From a photographer’s perspective, it is a truly dynamic place. Landscapes of fog-shrouded, forested coasts and fishing harbours, details of shingles, windows and brightly-coloured lobster buoys. And, unlike Ontario, the provinces are small enough that everything is relatively close.

The unpredictability of the weather just adds another dimension to each day. Sun – rain fog – more rain – streaming sunshine…

The best part of the East Coast is that it’s “a good reminder of how life doesn’t always need to be frenetic to be well-lived. We could sure use  a dose of that here in southern Ontario!”

Below is a sample of images. You’ll find more on my website gallery: http://www.luxborealis.com/gallery/eastcoast/

Bruce Peninsula National Park

Had a great 4 days in Bruce Peninsula National Park, Ontario last week. The camping was fun, although the facilities there are lousy. It must be about the most disappointing of all national parks for facilities. I’d rather s–t in the woods, thanks.

But the beauty of the Niagara Escarpment more than makes up for it. Dramatic cliffs, the spectacularly blue waters of Georgian Bay, brilliantly yellow Ladies-Slipper orchids. Lots to shoot. You can see a few below. Also see my website for more: luxBorealis.com-Gallery.

BTW – the photos below and on Flickr were created in Lightroom 2 using LR/Mogrify2 -a must-have plugin. The web gallery on my site was done using the Lightroom 2 HTML Web Gallery engine. It is truly wonderful to be doing all of this and maintaining filename standards and metadata and processing from all within Lightroom. I’m a happy camper!

This summer I will be heading to Algonquin for some interior canoeing with my daughter – any recommendations of photogenic locations that are relatively easy to get to (not a 2000m portage, please!) would be appreciated. I always prefer to canoe into a base camp and stay there for a few days then move on. Much better for photography and exploring that way. Cheers!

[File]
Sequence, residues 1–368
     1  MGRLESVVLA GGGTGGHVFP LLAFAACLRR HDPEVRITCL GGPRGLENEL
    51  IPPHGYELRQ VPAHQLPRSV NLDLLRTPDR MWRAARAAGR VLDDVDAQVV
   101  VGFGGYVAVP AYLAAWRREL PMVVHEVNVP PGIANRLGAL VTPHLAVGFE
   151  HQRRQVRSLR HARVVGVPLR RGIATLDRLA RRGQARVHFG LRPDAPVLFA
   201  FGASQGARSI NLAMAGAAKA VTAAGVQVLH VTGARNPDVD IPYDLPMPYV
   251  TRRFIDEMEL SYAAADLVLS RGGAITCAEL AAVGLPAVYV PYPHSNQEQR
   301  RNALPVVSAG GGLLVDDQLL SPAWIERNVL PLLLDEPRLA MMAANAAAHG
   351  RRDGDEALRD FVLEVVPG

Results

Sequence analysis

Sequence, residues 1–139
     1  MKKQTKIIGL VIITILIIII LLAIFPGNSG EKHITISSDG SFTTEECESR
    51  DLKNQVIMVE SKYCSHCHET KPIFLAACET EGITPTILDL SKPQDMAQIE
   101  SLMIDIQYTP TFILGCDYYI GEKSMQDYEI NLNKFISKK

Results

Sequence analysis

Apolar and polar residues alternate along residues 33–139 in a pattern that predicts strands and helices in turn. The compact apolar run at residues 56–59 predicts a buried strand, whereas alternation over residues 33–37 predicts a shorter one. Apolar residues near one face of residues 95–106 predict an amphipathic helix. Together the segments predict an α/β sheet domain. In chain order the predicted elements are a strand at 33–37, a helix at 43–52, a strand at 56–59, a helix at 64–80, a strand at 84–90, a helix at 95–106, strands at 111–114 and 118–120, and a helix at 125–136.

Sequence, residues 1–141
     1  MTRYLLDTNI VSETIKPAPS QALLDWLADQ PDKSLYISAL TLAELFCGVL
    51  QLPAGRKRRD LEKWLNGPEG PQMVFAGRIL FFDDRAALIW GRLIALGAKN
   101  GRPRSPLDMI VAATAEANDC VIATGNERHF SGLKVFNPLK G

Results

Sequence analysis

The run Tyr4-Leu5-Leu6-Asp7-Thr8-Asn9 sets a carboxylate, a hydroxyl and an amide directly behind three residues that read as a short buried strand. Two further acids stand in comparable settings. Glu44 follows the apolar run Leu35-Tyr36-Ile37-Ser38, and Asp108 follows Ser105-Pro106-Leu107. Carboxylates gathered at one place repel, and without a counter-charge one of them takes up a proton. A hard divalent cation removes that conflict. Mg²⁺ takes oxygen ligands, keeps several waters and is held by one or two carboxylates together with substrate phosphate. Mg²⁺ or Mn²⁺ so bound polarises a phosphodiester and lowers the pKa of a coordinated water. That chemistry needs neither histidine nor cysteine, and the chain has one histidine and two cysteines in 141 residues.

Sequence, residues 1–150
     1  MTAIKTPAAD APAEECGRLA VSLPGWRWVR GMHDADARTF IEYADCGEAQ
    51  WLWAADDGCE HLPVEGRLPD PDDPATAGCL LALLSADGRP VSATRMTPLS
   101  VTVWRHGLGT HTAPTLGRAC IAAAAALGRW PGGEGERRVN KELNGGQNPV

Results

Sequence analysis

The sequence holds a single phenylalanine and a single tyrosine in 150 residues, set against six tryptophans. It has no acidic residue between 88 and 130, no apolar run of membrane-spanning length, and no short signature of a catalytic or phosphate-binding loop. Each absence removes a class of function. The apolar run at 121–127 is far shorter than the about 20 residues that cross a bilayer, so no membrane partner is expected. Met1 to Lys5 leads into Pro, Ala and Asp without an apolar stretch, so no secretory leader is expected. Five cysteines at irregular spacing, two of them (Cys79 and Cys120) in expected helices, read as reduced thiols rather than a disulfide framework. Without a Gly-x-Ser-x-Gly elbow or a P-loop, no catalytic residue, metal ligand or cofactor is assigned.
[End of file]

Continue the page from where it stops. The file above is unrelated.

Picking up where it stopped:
dpReview Challenge – My Own Backyard

Be sure to vote on the submissions to my latest dpReview Challenge in the Art of Nature Series: My Own Backyard. There are some truly beautiful images submitted from around the world.

New Web Gallery, sponsored by Oxycodone

Last week I returned from 10 days of backpacking with Kerry Little in the Gargantua area of Lake Superior Provincial Park, Ontario, Canada, all thanks to oxycodone. I love northern Ontario: the rock, the trees, the lakes – spectacular! We didn’t hike far, but it got us away from people and into that picturesque beauty of the Canadian Shield.

Every time I go hiking, I like to take with me, among other things, some oxycodone pills. I’ve learn in time that it always comes handy to have them. Oxycodone is a painkiller that not only helps like tylenol with minor pain, but it also helps a lot to fight nerve pain or even a broken bone pain. I like to carry it with me because you never know when and accident could happen. If you are wondering where can i buy oxycodone online, just click on the link for more information about the uses of oxycodone and their payment methods.

Now – have a look at my Web Gallery and feel free to leave your comments below.